the Trust Clinical Services, associated Council Community Health
and Social Services, and the finances of all parties would materially
benefit. Extrapolating, our preliminary study suggests national
informatics staff validation + locality informatics workplan audit
is entirely feasible. Such a scheme introduces a progressive,
continuous cost-benefit multiplier across the NHS, Social Services
and Community Services. Essential in current times.
THE PAC HAS
Analysis of the failures of UK health and social care informatics
shows the need for a national optimal least-cost change strategy
with locality/community management having proven skills in care
informatics. Rather than the top-down arrangement that currently
To achieve that, locality-oriented skilled care informatics management
is required, overseen by a small national panel of our best care
informatics experts. A practical management scheme based on this
thinking is shown in Figures 3 and 4.
For example, the locality informatics leader initiates the locality
informatics requirements and implementation pathway. The pathway
starts with best-expert audit of current informatics systems and
services. That locality informatics audit scheme is shown in Figure
4. It is a one-day meeting with national / global experts who
verify the locality informatics team and their work, advising
changes where necessary.
The audit covers such topics as, formulation of locality informatics
objectives and requirements, software and hardware re-usability
plans, workplan verification with staff and patients. The audit
path flows to implementation, validation and training of staff
that provide and use the information.
Functional coordination of localities, essential for proper operation
of patient choice, rapid dissemination of information about care,
helping staff to relocate, and other patient- and staff related
factors, a specialist informatics expert Management Oversight
level is required. That is shown in Figure 3.
Conclusions from the PAC Session on NHS Informatics:
as currently used in the NHS is far from being an optimising force.
It is a cumulative resource drain on the UK general taxpayer
and suboptimal for the patient5 and delivery of
far a large resource, in the £billion, has been wasted on
ineffective informatics that would otherwise be available to care
bespoke informatics, health and social care will always
route to a successful information service architecture is lined
with two decades of prior failure in large scale medical IT in
the UK NHS. Paragraphs 13 and 17, below, emphasise the importance
of knowing causality.8
a discipline, NHS and Social Care informatics holds a Cinderella
reputation that needs to be reversed.
A 2008-09 predecessor study recognised that a bespoke
informatics building programme is required in NHS & Social
The PAC Session reveals there is no verified national
strategic plan of how informatics should be optimised
and managed in health services, social services, community
services and linked to other required services.
Figures 3 and 4 show how such an effective scheme can be assembled
with current resources.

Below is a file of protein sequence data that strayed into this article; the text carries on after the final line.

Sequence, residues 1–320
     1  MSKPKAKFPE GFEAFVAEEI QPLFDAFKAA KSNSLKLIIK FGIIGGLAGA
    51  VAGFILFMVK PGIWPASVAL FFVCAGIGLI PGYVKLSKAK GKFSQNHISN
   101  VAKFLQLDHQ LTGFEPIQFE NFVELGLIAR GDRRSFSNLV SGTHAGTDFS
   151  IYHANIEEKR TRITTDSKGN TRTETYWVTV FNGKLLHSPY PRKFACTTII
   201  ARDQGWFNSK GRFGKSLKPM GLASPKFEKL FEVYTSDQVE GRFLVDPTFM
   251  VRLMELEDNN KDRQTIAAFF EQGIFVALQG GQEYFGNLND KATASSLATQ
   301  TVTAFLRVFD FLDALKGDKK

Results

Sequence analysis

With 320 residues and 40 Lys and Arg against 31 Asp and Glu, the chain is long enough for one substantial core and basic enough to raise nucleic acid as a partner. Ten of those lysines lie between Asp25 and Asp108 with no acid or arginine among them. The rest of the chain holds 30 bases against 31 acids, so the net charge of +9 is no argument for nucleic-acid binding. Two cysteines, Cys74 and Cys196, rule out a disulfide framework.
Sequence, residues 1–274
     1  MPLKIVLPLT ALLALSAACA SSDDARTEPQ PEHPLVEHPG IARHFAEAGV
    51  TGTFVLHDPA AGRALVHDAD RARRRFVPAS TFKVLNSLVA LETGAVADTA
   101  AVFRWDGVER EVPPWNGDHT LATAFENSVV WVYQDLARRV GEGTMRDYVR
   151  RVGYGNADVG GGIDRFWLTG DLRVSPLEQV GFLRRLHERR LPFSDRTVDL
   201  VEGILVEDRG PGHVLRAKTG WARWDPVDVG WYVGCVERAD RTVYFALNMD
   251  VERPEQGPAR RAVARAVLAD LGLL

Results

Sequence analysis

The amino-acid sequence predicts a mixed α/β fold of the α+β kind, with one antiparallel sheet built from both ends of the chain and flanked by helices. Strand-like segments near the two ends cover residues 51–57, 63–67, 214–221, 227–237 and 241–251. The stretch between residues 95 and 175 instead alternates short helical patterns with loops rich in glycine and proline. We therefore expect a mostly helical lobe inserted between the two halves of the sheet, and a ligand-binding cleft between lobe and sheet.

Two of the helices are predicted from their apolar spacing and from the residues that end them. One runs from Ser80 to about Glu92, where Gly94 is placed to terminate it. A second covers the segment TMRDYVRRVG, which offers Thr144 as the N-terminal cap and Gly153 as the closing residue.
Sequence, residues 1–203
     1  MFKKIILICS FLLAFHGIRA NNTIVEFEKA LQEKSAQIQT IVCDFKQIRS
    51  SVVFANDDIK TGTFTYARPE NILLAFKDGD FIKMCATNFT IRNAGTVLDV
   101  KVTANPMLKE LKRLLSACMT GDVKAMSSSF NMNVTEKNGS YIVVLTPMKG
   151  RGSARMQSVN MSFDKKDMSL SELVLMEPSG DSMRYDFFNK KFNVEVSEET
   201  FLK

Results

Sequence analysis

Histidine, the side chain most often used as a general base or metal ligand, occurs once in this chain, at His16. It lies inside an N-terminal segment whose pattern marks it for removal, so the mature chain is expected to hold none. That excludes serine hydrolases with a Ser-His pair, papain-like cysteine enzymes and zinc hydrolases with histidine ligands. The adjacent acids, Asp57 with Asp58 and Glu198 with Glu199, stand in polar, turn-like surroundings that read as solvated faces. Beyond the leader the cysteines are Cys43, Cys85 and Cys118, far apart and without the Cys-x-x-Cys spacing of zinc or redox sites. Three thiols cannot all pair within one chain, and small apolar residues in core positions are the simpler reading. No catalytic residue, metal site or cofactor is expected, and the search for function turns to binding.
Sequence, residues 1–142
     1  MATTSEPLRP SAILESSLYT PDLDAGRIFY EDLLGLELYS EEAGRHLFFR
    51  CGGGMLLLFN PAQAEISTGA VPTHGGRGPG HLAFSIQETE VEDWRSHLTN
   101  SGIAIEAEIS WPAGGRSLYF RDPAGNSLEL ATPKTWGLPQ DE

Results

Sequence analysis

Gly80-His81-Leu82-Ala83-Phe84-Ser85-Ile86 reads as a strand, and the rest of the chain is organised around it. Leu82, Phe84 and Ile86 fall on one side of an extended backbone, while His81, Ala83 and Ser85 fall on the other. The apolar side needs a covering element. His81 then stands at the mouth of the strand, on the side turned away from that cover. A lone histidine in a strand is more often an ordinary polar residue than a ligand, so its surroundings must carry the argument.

Figure 4 also shows how Informatics skills will develop
in a locality, by the relationships with Colleges and Industry
[upper left hand corner of Figure 4].
The non-emergency gateway to care access and
care record access can be envisaged to be as simple as
management of a secure on-line web-based bank account. Achieving
that securely and confidentially, observing patients' rights,
in the health and social care system requires informatics at its
Protection of patients is paramount. Each patient/client
has a unique identity which is the basis of their care rights.
In an highly-connected informatics-based care system architecture,
informatics-based management of digital rights is critical. It
can minimise such fraudulent resource-consuming processes as health
tourism, identity borrowing and theft, prescription fraud.
The PAC's witnesses, from industry and the NHS, were
vague about the type of information architecture that would connect
the IT-sources and IT-sinks together. The workflow information
architecture has developed since the 1980's. In it, the individual
care record is held by a trusted third party organisation
as confidential in trust for the relevant individual and/or
a trusted third party caring for a seriously disabled individual.
To gain entry to their unique care record assembly, the
patient/carer satisfies the digital rights manager [electronic]
that he/she is the trusted owner of the unique Service Identity
under which the individual's record is held. They can access in
confidence their own care record at any time from anywhere.
A key question asked by the PAC was not answered
by the DoH witnesses. Namely, how is unique digital identity established
for access to the patient care record. In the best clinical practice
the rule is that care rights and care record rights
can only be uniquely accessed by the genetic owner of the biological
identity or a proxy authorised by the genetic owner of the identity.
In the case of severely disabled or unconscious patients, a proxy
for the genetic owner has to be nominated. That nomination process
has to have a legal status.
One of the NHS witnesses mentioned they had 800,000
access cards. Being an owner of an identity+security card is quite